At no time are herd dynamics more on brilliant display than when you release a new horse into the herd. (Or, when one escapes into the herd. See previous post.) For fun, tell me what you see in these sequential photos. Don't worry about names, colors will do.
Saturday, April 29, 2017
Friday, April 28, 2017
Word of advice, if you suspect a concussion, don't take Advil, take Tylenol. I found this out after I took Advil. Apparently, if there's a bleed, Advil can make it worse. I probably don't have a bleed, but I did get a rock solid concussive hit to the right forehead that knocked me from the crouching position to my butt.
I was administering a new poultice to Little Joe's front right hoof abscess this morning, when the dog started barking and two goats ran under him. The next thing I knew, I was laid out. Another word of advice: never let your guard down. When something happens, it can happen in an instant.
Too late for me. But I did have a long session with Little Joe after that so he learns to respect my space. He'll need a few more.
The poultice I made for him consists of an air-activated heat pad, Nitrofurazone, Epsom salts, a wash cloth, diaper and duct tape. I do have a boot for him, but this is so thick, it doesn't fit in the boot.
I cut the wash cloth and diaper to the size of the heating pad and then stirred the Nitrofurazone and Epsom salts together to make a paste. I packed the sole with the paste and covered it with the wash cloth, then the heating pad, then the diaper, and finally covered it all in duct tape.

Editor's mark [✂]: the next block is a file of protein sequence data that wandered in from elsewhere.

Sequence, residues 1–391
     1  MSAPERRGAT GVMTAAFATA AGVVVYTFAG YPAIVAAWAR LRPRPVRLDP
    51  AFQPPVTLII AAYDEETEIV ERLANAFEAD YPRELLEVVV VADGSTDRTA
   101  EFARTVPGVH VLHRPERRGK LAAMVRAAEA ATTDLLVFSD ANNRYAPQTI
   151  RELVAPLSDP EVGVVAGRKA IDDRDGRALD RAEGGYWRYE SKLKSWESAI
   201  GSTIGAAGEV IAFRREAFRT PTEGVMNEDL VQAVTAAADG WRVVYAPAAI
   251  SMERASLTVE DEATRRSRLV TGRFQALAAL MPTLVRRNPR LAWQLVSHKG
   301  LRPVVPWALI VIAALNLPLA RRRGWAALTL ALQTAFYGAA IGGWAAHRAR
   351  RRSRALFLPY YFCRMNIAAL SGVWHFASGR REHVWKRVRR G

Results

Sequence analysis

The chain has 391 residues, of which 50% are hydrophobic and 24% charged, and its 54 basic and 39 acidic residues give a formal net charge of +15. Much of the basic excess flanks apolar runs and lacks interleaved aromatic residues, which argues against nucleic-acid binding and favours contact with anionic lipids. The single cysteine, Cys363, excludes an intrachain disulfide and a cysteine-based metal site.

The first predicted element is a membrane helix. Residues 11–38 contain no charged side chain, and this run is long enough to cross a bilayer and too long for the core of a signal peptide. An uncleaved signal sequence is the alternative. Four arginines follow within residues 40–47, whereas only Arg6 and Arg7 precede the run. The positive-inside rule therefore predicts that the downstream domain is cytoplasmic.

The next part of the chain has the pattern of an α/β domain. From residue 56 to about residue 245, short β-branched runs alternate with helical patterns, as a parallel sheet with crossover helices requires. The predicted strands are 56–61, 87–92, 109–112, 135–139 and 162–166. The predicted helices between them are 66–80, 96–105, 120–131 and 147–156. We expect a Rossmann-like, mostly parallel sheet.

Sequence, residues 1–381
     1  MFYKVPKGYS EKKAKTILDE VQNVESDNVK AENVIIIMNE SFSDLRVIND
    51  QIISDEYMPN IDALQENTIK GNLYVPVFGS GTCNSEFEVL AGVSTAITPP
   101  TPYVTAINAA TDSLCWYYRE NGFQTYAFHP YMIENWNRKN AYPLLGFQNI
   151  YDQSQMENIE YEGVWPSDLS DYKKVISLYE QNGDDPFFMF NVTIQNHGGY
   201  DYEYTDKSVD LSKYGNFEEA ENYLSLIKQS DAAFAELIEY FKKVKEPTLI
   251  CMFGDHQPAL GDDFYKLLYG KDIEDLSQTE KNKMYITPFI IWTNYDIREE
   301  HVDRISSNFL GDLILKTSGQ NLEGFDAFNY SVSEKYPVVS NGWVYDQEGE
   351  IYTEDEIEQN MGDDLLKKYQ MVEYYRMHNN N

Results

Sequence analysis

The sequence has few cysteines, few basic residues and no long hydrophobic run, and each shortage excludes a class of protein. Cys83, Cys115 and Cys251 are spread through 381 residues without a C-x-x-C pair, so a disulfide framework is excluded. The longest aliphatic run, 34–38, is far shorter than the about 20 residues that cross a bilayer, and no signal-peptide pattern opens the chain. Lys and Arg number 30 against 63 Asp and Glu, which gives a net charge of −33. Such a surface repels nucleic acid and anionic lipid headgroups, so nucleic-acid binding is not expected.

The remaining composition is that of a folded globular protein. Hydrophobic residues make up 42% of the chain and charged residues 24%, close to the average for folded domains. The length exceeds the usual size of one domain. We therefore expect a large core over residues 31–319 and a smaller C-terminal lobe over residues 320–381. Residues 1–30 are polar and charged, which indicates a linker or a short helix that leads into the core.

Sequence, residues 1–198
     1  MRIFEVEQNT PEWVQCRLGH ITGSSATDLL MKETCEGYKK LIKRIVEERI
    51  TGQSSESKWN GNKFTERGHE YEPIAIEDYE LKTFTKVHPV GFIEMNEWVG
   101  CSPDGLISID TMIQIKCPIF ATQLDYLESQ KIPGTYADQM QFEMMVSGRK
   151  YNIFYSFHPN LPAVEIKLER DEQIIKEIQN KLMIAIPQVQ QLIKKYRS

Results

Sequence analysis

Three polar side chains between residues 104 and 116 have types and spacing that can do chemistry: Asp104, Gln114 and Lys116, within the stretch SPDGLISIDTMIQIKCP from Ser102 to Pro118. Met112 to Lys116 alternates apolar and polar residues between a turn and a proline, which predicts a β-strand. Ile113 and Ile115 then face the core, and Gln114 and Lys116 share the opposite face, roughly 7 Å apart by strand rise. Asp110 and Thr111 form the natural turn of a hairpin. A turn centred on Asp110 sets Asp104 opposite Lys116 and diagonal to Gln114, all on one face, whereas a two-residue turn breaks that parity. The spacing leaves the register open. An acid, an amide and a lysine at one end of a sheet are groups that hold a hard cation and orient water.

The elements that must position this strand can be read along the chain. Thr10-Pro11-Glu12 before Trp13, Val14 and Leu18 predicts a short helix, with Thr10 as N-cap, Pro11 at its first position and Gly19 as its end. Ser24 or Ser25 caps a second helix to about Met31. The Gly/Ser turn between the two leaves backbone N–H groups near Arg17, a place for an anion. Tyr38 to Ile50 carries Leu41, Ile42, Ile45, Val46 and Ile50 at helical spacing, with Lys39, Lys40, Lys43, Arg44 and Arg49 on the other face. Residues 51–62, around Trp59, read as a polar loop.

The reasoning behind this poultice is it's difficult to keep a horse's hoof in warm water and salt for long enough to draw out the infection. This particular poultice, however, keeps the heat applied for approximately 8 hours.
Little Joe has been very worried about losing his girlfriend, Foxy, and that is why he wasn't thinking when he overreacted to the goats. He has also been dropping weight with his anxiety and pacing. Since he has foundered, putting that weight back on posed a challenge, so I turned to Rebecca for advice. She recommended an Equine Senior that uses beet pulp as its main forage and a product called Super Weight Gain.
The Equine Senior is one I've always used by Aslin Finch.
**Update: I just now looked out the window and saw Little Joe had found a way to open the gate and get out with the herd. They all look peaceful, so I'm going to let them be. What an escape artist. There's no end of surprises today.